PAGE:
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Pros, Cons Of Cutting Corn Seeding Rate

“The longer the seed takes to get out of the ground the more time there is for things to go wrong.”


With corn farmers facing ever-higher seed costs, does it make sense to cut the seeding rate to save money?

It depends, says Pam de Rocquigny, Mani toba Agriculture, Food and Rural Initiatives’ (MAFRI) business development manager for feed grains.

“If you’re willing to implement a higher level of management and hope that Mother Nature co-operates with you (it might work),” she told the Manitoba Special Crops Symposium in Winnipeg Feb. 11.

It’s something to consider if seeding is delayed past May 15 since a reduced plant population results in earlier crop maturity – always an important factor when growing corn in Manitoba. But generally, de Rocquigny said, reducing seeding rates costs more than it saves.

“The (Manitoba) corn growers (association) have done studies that show increasing the (plant) population is one of the easiest ways to increase yield and planting a hybrid at suboptimal seeding rates is more likely to cause yield loss than planting above recommended rates,” she said.


Corn yields have been increasing, but so has the cost of seed. Thirty years ago (1979) seed cost just $12 an acre, de Rocquigny said. MAFRI says this year hybrid seed will cost $62.40 an acre based on a plant population of 26,000 an acre. That’s a fivefold increase, although the seeding rate is much higher now than in 1979.

In 1979, when corn sold for about $2 a bushel, the break-even yield was 78 bushels an acre, she said. Now, based on $4.50-a-bushel corn and a production cost of $386.65 an acre, the break-even is 86 bushels an acre. The 10-year average yield for corn in Manitoba is 88.2 bushels an acre, according to crop insurance data.

How much a grain crop yields depends on three factors: the number of plants growing in the field, the number of kernels of grain each plant produces and the size of those kernels, she said. Cutting the seeding rate means fewer plants per acre and potentially less yield. The ideal plant population for Manitoba grain corn is 24,000 to 26,000 an acre – 26,000 to 30,000 under optimal conditions and 22,000 to 24,000 where yield might suffer from things like late seeding.


However, seeding rate and plant population are not the same because not every seed planted produces a viable plant, de Rocquigny said.

“If you cut your seeding rate you’re going to have to employ a little higher level of management,” she said. “Basically you’re going to have to ensure the seeds that you have planted merge uniformly to maximize your yield potential.”

That means planting into a well-prepared seedbed and warm soils (at least 10C), seeding to the proper depth (1.5 to two inches) and making sure the seeds are evenly spaced. Even emergence is important and is compromised by cold and/or cloddy soils and uneven seeding depth. Slowing to four miles per hour instead of six helps with seeding depth.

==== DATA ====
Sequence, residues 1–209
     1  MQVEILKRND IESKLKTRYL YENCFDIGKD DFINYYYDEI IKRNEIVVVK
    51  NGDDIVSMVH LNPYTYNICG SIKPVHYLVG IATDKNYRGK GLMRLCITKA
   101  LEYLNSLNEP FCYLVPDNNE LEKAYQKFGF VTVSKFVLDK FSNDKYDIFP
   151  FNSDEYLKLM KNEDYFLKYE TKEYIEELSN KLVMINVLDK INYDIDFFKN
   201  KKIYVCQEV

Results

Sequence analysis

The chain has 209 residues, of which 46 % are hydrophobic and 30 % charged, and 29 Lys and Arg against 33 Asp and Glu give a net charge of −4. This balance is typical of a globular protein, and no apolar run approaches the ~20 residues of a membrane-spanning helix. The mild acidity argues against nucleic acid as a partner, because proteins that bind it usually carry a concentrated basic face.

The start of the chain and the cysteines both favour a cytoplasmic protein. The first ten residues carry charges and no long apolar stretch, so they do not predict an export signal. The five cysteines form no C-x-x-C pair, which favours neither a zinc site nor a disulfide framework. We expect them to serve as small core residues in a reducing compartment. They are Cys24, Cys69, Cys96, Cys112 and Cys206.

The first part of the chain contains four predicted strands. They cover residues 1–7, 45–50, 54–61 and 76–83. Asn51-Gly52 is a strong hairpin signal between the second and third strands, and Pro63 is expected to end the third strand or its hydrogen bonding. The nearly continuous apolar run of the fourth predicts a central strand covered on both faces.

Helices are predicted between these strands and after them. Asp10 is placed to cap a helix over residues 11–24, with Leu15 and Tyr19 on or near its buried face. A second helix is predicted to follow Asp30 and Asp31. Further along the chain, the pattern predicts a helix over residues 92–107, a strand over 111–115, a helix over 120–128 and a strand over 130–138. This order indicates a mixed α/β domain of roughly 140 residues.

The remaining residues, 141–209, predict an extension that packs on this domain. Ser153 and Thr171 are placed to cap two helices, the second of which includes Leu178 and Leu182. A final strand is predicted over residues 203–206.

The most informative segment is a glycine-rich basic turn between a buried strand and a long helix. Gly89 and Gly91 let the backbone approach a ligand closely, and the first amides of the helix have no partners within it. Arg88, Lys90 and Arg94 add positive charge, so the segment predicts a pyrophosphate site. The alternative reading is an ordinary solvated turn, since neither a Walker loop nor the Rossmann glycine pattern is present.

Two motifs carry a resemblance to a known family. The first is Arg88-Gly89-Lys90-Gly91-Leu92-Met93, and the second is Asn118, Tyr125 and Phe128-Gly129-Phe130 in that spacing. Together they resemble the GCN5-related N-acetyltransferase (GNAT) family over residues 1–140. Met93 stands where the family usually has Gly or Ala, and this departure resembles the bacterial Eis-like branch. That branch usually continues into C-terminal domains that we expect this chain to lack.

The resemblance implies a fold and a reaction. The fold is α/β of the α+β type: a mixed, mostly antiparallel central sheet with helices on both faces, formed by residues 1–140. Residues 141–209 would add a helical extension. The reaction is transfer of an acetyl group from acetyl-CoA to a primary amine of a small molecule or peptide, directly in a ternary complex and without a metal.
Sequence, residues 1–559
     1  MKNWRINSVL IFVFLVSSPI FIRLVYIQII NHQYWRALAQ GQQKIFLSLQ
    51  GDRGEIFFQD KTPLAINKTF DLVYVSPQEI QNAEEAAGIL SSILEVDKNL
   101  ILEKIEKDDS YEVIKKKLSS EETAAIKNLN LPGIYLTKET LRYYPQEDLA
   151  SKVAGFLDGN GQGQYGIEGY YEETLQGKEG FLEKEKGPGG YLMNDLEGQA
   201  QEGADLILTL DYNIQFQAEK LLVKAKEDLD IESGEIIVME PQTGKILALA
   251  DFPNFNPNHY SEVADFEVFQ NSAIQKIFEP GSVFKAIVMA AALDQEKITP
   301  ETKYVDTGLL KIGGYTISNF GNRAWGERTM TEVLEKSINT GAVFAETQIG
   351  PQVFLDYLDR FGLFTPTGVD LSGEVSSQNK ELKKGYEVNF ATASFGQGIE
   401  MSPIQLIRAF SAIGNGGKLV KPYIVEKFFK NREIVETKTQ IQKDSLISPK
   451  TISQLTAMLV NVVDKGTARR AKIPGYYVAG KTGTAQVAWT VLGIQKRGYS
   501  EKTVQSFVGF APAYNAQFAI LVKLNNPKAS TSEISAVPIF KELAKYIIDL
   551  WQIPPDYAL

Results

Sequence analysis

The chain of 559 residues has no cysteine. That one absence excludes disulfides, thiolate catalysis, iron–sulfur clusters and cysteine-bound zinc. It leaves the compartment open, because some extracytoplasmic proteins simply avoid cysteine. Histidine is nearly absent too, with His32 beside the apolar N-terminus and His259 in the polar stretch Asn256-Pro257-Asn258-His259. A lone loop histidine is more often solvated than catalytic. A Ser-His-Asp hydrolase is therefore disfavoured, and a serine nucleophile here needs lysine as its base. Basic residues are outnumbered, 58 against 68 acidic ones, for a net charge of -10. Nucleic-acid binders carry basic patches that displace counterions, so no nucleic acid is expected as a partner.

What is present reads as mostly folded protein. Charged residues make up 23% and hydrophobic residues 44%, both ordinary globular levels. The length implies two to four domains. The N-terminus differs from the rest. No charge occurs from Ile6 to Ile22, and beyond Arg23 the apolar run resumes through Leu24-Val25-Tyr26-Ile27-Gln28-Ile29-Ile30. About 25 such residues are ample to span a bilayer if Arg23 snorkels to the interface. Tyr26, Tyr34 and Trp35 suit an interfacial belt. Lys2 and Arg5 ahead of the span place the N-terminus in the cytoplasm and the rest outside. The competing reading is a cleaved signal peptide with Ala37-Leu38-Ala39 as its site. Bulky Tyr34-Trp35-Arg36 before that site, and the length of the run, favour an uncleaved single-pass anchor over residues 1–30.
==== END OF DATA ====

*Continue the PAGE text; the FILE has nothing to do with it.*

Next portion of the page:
“The thing to keep in mind is the longer the seed takes to get out of the ground the more time there is for things to go wrong,” de Rocquigny said. “Those smaller, later-emerging plants will almost act like weeds.”

One U. S. study concluded when one out of four plants emerges 10 days later yields dropped from 188 bushels an acre to 176. That’s similar to the yield hit that would occur had the ent i re crop been seeded later.

“That’s how important uniform emerge is to your production,” she said.


Even if the farmer does everything right, Mother Nature, in the form of weather, weeds, insects or diseases, can still reduce the plant population and the yield potential, de Rocquigny said. The impact isn’t as great when the plant population is optimal.

Farmers trying to trim their seed bill can also consider switching hybrids. Many are genetically modified to tolerate the herbicide Roundup as well as containing the Bt gene to kill attacking European corn borers. Corn borers haven’t been a major pest for several years in Manitoba. Farmers should assess whether they need that protection, de Rocquigny said. If not, they can save money planting a conventional hybrid.

But de Rocquigny added that option seems to be disappearing. In 2003, there were 42 hybrids assessed by the corn committee in Carman and of those 44 per cent were conventional. In 2008, only 19 per cent were conventional. Out of the 20 corn companies offering hybrids, for testing only four had conventional hybrids. [email protected]

About the author


Allan Dawson

Allan Dawson is a reporter with the Manitoba Co-operator based near Miami, Man. Covering agriculture since 1980, Dawson has spent most of his career with the Co-operator except for several years with Farmers’ Independent Weekly and before that a Morden-Winkler area radio station.



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